Catherine, Duchess of Cambridge, shows off her new fringe at The Anna Freud Centre in London. Picture / Getty Images.

Why Kate Middleton Got a Fringe

Like many mums returning from maternity leave, Kate has gone for a confidence booster

Coco Chanel once remarked that a woman who cuts her hair is about to change her life. So what should we make of the pictures this week showing that Catherine, Duchess of Cambridge has made one of the most dramatic hair statements a woman can make: she has opted for a fringe?

Kate’s hair has long been both a fascination and a source of teeth-gnashing for many women. Not even in fairy-tales do princesses commonly appear with unfeasibly long and lustrous tresses only hours after giving birth as the Duchess has managed - twice. And like many women, when she’s found a flattering style, she’s stuck to it.

True, she did sport ribbons and tight ringlets at the St Andrew’s fashion show when she first caught William’s eye (although the see-through dress may have helped as well). On a few occasions, she has rung the changes with the occasional up-do, such as her sleek chignon at Princess Charlotte’s christening this summer, or the more dramatic finger curls on Remembrance Sunday 2013.

But usually the biggest talking point has been whether a few glimpses of silver have been spotted amongst the Duchess’s brown locks because in general her hair apparent - below shoulder length, glossy with a slight curl - has remained as constant as the hereditary principle.

Richard Ward, the Duchess’s stylist never comments directly on her hair but did talk in general terms yesterday: “A fringe makes an instant style statement; it can add structure, soften the face and highlight or define features, and is a very youthful look. A longer, sweeping fringe is a great way to experiment without the risk factor of a complete restyle - these kind of fringes suit most people as they’re extremely soft and feminine.”

READ: Pippa Middleton Wears NZ Designer to Royal Christening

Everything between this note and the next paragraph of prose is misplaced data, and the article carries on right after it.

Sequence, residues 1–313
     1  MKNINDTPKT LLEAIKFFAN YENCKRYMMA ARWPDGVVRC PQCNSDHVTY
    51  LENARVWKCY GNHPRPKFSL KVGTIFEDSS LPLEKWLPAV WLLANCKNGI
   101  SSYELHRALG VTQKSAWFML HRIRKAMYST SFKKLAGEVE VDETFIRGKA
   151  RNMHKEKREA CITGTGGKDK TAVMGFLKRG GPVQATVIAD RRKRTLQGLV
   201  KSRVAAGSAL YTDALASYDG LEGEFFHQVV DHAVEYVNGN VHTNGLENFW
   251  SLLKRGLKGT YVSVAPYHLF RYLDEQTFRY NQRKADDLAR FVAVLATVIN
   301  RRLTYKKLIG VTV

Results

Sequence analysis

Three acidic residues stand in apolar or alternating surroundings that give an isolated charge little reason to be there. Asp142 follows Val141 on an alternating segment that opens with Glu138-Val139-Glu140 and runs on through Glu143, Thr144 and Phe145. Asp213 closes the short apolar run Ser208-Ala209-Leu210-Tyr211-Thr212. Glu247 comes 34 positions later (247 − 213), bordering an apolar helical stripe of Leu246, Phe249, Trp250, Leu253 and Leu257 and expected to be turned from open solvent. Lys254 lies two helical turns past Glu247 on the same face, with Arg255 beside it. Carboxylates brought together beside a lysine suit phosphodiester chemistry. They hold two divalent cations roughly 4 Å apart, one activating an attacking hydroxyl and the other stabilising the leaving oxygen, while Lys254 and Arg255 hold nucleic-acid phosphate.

Yet cutting your hair can be a hugely telling. Jennifer Aniston has never returned to the fringed Rachel haircut from Friends which defined her as a sitcom actress, saying she’d rather shave her head than wear it again. And First Lady Michelle Obama described her decision to have ”bangs” cut in a couple of years ago as her “midlife crisis”. (“I couldn’t get a sports car. They won’t let me bungee-jump,” she told one interviewer.)

Kate’s too young for a crisis, but that doesn’t mean that she’s not trying to send out a message as she returns from four months’ maternity leave. “I think this is really signalling her return to public service this week,” says style and brand expert Nick Ede. “It signals that she’s got a new agenda - the ultimate yummy mummy who means business.”

But there may also be very practical reasons for a busy mum of two to choose a fringe. “It’s the thirty-something Botox,” one friend confessed to me when I first toyed with the idea of getting the chop. And it’s true: the benefits can be amazing. I remember the day I got one cut for the first time since I’d left school - with the result that two ex-boyfriends failed to recognise me. It gave me cheekbones that I hadn’t had, and disguised a forehead I feared increasingly resembled a packet of Auntie Bessie Crinkle Cut Chips.

Interestingly for those recent rumours about whether Kate wants a third child, the last time she was seen with a soft fringe was in late November 2012, a couple of weeks before it was announced that she was expecting Prince George.

Will this spark a big rush for other women to go for the chop? It wouldn’t be the first time a princess started such a trend. A short, frizzy fringe became the must-have hairstyle in the 1880s thanks to Alexandra, Princess of Wales (wife of Edward VII). So ubiquitous was it, that it became known as the “Alexandra fringe”.For those thinking of investing in a Kate fringe, however, experts warn it is high maintenance, which requires constant care.

“I think Kate has made a great choice,” says Jerome Hillion, former Avant Garde Hairdresser of the Year. “Her fringe has been tailored for her face so my advice is to take inspiration from it but not copy it as it won’t suit everyone.”

- The Daily Telegraph·

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